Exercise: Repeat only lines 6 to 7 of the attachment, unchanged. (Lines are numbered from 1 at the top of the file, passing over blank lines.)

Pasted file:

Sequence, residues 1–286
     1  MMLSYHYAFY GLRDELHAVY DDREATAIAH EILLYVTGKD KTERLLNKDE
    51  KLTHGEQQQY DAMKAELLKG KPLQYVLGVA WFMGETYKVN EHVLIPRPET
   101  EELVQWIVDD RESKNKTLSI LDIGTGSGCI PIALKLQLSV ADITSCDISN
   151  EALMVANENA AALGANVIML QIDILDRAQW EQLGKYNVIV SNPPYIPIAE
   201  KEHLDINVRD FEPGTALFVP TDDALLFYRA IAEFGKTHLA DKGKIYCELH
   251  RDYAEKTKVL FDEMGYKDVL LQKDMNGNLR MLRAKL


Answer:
   201  KEHLDINVRD FEPGTALFVP TDDALLFYRA IAEFGKTHLA DKGKIYCELH
   251  RDYAEKTKVL FDEMGYKDVL LQKDMNGNLR MLRAKL